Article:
So, at the beginning of last year, Western analysts were predicting en masse that the Green Movement would bring down the Islamic Republic during 2010. By the end of 2010, some of the same analysts were predicting that economic distress exacerbated by subsidy reform would accomplish the same objective.
In his New York Times article, Mr. Yong does not escape the temptation of wasting a few paragraphs on speculation about how the government’s success in launching subsidy reform might lead it to take a more “confident”—and, hence, from an American perspective, “tougher”—stance in the next round of nuclear talks in Istanbul. Alternatively, as Mr. Yong also speculates, a “confident” government might be better positioned to reach an agreement with the United States and its international partners. (Or—as we would suggest—perhaps Iran has a well-developed and internally coherent set of positions regarding international nuclear issues.) Additionally, Mr. Yong parrots claims made about Ahmadinejad in some of the U.S. diplomatic cables published online by Wikileaks, seemingly without scrutinizing the sources of the claims to evaluate their credibility.
Still, Mr. Yong’s reporting on subsidy reform is, as we said, relatively straightforward—and, for that reason, welcome. However, his article does not address what we believe is a critically important dimension of the story—the strategic impact of economic reform. As the International Monetary Fund noted in September 2010, subsidy reform “could transform the way the country’s economy works”. For an informative interview with two IMF economists who work on Iran, see here. For the IMF’s last major assessment of Iran’s economy, see here. What will be the strategic impact if subsidy cuts and other elements of the Ahmadinejad administration’s “economic transformation plan”, such as the restructuring of large, state-owned economic enterprises, result in substantially higher levels of economic growth, productivity, and economic dynamism in Iran?
To produce such results, the Iranian government will need to “stay the course” with its reform initiatives. It will also need to avoid mistakes in monetary and fiscal policy which, as has been shown in other countries, can undermine the positive impact of reform. But the potential payoff for Iran is huge. As one of the IMF economists referenced above describes the Islamic Republic’s present economic situation,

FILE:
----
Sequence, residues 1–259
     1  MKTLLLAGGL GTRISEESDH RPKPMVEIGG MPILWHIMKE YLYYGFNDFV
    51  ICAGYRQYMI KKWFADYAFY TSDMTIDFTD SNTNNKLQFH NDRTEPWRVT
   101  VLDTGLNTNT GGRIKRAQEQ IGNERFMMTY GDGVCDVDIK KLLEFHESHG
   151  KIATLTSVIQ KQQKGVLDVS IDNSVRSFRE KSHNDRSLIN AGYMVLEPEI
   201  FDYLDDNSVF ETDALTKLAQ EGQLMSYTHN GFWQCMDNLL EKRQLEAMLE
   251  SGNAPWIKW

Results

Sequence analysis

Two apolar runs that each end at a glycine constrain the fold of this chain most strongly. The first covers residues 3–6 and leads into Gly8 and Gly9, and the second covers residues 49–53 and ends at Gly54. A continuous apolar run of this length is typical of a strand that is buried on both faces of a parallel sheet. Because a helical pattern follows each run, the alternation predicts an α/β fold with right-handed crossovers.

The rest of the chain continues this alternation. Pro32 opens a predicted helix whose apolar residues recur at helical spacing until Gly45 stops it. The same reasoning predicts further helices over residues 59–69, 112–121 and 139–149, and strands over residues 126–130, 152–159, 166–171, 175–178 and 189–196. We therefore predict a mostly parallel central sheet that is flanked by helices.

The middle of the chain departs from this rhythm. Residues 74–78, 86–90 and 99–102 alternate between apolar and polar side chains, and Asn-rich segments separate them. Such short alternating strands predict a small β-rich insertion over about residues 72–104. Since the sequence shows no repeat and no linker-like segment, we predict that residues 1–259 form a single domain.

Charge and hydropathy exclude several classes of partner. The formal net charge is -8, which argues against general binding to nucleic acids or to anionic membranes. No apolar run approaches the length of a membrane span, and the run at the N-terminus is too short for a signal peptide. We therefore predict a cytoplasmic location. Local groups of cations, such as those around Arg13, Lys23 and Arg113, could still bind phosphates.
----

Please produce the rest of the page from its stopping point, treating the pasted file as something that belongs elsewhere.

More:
“Iran is the 17th largest economy in the world. Holding little foreign debt—less than seven percent of GDP—the country has sizeable energy reserves, with underground hydrocarbon resources estimated at $10 trillion in oil alone (at $75 a barrel) and natural gas reserves at between $3 ½ – 4 ½ trillion…Inflation has declined dramatically—from close to 30 percent two years ago to less than 10 percent since September 2009 as the central bank withdrew liquidity.”
But, the IMF economist also notes that “Real GDP growth is estimated to have been about 1-2 percent [in 2010]. This relatively low GDP growth is due mainly to weak domestic demand…”
If economic reform—not just subsidy reform, though that is critical, but also banking and enterprise reform—ends up boosting domestic demand and productivity (as it ultimately should), Iran has the potential to emerge in coming years as a regional economic superpower. Ahmadinejad has said recently that he wants Iran to be ranked as the world’s 12th largest economy by 2015—not that far away. In such a scenario, among other things, sanctions would become increasingly irrelevant, as more and more people around the world decide that appeasing Stuart Levey’s blatantly illegal extraterritorial application of U.S. national law does not make sense anymore.
–Flynt Leverett and Hillary Mann Leverett